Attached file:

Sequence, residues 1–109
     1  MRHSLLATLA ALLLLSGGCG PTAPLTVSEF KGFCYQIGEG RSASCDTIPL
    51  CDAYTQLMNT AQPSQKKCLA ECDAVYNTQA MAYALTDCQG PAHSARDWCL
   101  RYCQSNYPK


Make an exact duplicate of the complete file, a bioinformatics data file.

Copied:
Sequence, residues 1–109
     1  MRHSLLATLA ALLLLSGGCG PTAPLTVSEF KGFCYQIGEG RSASCDTIPL
    51  CDAYTQLMNT AQPSQKKCLA ECDAVYNTQA MAYALTDCQG PAHSARDWCL
   101  RYCQSNYPK